The Basics of Canning Jamposted by Andrea | 07/1/2010
I honestly don’t even remember my first jam-making moment. I was so young, probably only 5 or 6 and excited to “help” my mom and grandma during their annual “jam-athon”.
I didn’t do a lot, but I did always help pick (and eat) the fruit from local U-pick farms or from neighbors who had wild rhubarb, raspberries, and blackberries. I was also the designated “listener” to assure all the jars popped as they sealed.
It was memorizing to watch several pounds of fruit transform into a kitchen full of Mason Jars filled with sticky, sweet jams and jellies – all within an afternoon.
I loved the whole process and knew I would continue the tradition after I got married – and I have! I even teach classes on food preserving, in an effort to revive this dying art.
Contrary to popular belief, jam-making is surprising easy. It doesn’t even require a hot-water-bath or other fancy processing techniques. (Note: this only applies to jam. Preserving other produce is a VERY different story).
Still not convinced that you can handle an afternoon of jam-making?
Let’s have a look at the simple ingredients, tools, and basic jam-making method – I think you’ll change your mind!
There are countless recipes for different jam and jelly, but they all consists of three main ingredients:
Talk about endless possibilities! Although classis berry jam is hard to bet, don’t limit yourself. I’ve come across recipes for fig jam, bacon jam, onion jam, jalapeño jelly, mint jelly, and more.
Available in liquid or powder, this natural thickener is often made from the rinds of citrus. Some well-known brands are Certo, Bernardin, and Ball. (Note: I always use powdered pectin as these jams have triple the shelf life than those made with the liquid).
3. White Sugar
Before you misinterpret home-made jam to be a health food, let me assure you, it’s not! There’s lots and lots of sugar in a single batch of jam and you should NEVER reduce this amount.
Sugar is a preservative as well as a sweetener and should always be measured with a dry measuring cup.
Tools & Equipment
The start-up costs for making jam are minimal – just the cost of your jars (which you can probably get for free from someone) and a few tools.
Here’s a starter list of what you’ll need; you might even own most of them already.
- 2 1-cup measuring cups; one for dry sugar, one for wet fruit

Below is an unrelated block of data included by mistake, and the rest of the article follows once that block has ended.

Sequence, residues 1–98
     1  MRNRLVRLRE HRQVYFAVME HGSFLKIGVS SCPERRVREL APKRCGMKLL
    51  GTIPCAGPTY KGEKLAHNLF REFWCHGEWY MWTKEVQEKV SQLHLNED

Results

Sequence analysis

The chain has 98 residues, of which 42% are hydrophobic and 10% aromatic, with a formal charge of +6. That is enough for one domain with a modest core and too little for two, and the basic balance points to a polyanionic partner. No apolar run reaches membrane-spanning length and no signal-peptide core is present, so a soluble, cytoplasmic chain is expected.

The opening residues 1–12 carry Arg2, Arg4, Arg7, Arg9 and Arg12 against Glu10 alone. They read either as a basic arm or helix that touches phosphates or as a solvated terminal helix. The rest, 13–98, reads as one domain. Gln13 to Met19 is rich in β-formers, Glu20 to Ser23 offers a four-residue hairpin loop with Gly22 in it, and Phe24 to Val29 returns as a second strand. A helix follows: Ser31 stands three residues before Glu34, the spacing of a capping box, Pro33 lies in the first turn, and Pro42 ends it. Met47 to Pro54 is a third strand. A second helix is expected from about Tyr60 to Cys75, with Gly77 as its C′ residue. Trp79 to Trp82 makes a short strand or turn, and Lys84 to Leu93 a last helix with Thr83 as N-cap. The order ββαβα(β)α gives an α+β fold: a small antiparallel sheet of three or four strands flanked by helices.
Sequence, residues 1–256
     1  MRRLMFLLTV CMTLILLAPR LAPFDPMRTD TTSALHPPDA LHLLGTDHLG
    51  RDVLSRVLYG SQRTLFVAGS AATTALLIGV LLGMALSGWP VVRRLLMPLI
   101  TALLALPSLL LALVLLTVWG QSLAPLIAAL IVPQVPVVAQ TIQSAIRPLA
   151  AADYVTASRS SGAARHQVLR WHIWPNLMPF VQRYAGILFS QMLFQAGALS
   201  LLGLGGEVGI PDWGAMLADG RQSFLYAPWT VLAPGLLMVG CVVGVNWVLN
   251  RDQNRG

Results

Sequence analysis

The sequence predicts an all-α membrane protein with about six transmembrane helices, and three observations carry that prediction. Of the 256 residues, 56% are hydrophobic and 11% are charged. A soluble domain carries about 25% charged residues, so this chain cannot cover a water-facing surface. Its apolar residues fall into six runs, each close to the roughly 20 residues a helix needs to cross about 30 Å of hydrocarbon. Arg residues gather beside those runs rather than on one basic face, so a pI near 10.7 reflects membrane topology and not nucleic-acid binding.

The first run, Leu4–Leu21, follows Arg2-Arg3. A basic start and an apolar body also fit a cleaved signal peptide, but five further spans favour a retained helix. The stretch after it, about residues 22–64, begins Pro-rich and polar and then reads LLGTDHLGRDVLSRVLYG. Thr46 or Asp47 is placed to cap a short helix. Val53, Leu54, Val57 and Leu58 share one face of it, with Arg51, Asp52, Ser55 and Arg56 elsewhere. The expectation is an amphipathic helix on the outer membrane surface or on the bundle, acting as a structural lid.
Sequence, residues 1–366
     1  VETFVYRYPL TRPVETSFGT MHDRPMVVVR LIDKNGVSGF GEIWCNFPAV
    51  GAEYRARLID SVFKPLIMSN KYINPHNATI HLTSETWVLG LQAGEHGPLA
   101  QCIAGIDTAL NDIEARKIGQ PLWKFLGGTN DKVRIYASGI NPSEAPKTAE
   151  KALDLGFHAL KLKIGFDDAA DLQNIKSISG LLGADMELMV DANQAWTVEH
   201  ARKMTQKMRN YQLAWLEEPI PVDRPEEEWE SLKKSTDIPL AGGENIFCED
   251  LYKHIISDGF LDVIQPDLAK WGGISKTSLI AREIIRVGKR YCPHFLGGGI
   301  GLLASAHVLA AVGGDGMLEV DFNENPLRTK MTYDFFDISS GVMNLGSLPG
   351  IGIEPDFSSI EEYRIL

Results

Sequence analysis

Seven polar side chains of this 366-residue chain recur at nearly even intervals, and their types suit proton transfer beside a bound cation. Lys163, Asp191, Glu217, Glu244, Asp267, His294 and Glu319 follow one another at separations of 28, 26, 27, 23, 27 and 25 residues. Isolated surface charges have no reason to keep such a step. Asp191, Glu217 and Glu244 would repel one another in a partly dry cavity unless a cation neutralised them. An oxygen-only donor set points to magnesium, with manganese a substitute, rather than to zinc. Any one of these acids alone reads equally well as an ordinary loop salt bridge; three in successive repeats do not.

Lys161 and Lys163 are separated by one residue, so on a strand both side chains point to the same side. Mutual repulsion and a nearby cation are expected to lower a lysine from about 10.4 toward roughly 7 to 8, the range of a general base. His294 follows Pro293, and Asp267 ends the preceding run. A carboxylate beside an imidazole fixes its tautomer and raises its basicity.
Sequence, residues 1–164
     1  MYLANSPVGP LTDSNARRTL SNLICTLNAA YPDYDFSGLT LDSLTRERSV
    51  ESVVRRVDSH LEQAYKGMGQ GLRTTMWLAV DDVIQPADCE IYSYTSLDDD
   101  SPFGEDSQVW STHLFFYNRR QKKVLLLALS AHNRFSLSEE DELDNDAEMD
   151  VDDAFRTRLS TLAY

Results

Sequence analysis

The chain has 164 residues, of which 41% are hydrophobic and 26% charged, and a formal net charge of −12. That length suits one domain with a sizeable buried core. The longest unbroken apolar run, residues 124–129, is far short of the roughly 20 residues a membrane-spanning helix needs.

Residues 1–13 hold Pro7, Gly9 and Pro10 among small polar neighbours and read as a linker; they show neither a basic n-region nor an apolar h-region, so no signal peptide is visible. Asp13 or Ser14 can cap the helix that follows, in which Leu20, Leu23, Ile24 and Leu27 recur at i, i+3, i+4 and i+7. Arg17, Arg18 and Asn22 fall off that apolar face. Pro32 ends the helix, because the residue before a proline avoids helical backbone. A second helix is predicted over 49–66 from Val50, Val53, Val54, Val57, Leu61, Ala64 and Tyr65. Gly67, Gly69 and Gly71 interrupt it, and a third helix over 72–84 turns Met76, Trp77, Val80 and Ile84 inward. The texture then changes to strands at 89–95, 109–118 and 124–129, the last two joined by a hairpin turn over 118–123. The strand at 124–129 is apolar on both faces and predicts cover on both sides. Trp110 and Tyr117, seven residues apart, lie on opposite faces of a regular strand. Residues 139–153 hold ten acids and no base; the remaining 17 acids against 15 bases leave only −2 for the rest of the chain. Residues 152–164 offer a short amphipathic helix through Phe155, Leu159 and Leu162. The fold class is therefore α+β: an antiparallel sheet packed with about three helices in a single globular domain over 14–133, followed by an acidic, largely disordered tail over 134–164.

- Wooden spoon, for stirring (you don’t want to use metal utensils)
- Jars, lids and screw rings
- 10 qt. sauce pot – this should be the largest one you own. A heavy-bottomed pot is helpful to prevent scorching or burning.
- Ladle and wide-mouth funnel, for pouring hot jam into the hot jars
- Timer: accurate timing is important
- Several clean dish towels
Basic Method for Making Jam
Prep. Your Equipment:
1. Gather the tools and equipment listed above.
2. Wash everything in hot, soapy water.
3. Sterilize your jars and lids. This is important, but not as difficult as you may think.
Lids: Place your lids in a small sauce pan and cover with water. Turn the water on while you finish cooking the jam. Once they boil for a few minutes, they are sterilized
Jars: Place your jars in the sink and fill them to the top with boiling water (from a tea kettle). Let the boiling water sit in the jars until you are ready to fill them with jam.
Prep. Your Fruit:
Wash, stem, pit, peal, cut, chop, and/or mash your fruit according to the recipes instructions. This can be the most time-consuming part of the whole process so you may want to recruit helpers!
Cook Your Jam: (not applicable for freezer jam)
- In a large bowl, measure your sugar, one-cup at a time. Set aside.
- In a large saucepan, measure your prepared fruit, one-cup at a time.
- Cook fruit with pectin according to the recipe directions. (using your timer)
- Add sugar when the recipe instructs you to do so (sometimes it is after the boil, sometimes before)
Fill Your Jars:
- Remove your boiling lids from the stove and bring them over by your sink.
- Remove fruit from heat and immediately skim off the foam (only because it looks better this way).
- With a hot pad, grab one jar filled with boiling water. Dump out the water into the sink and ladle fruit mixture into the hot jar (use your funnel).
- Cover with lids and screw the screw rings on tightly.
- Flip the jar upside-down and set your timer for 5 minutes.
Repeat these steps with every jar until all the fruit mixture is gone.
- Then, after approximately 5 minutes, start flipping the jars right-side-up again.
- Leave jars at room temperature for 24 hours without touching the jars, even if they “pop.”
- Check if the jars sealed (if you can’t press down on the center of the lid, they are sealed)
- Wash all jars in hot soapy water to remove sticky residue
- Remove the screw rings for the jars that sealed and wash under the ring.
- If they did not seal, wash them, store them in the fridge and eat within 4-6 weeks.
- Label sealed jars and store in a cool dry place (they will keep for a couple of years)
When you purchase your Sure Jell (fruit pectin) there will be a sheet with several recipes inside. Use those recipes to start out with and then try a few more daring combinations.
I will be updating my site with lots more canning recipes this fall, but until then, you’ll find plenty recipes in the links below:
So there you have it. You CAN can jam!
I know a lot of people who preserve their own jam because it’s cheaper and healthier than buying jam from the store. However, I do it because there is honestly nothing better than the taste of home-made jam, especially during those winter months, when fresh berries are only a distant memory.
One taste of your OWN home-made jam and you’ll never go back to Smucker’s again!
Just remember to start small; don’t be overly ambitious or you could get discouraged. Pick a simple recipe and complete it from start to finish. Enjoy your first batch of home-made goodness and then move onto bigger and better recipes.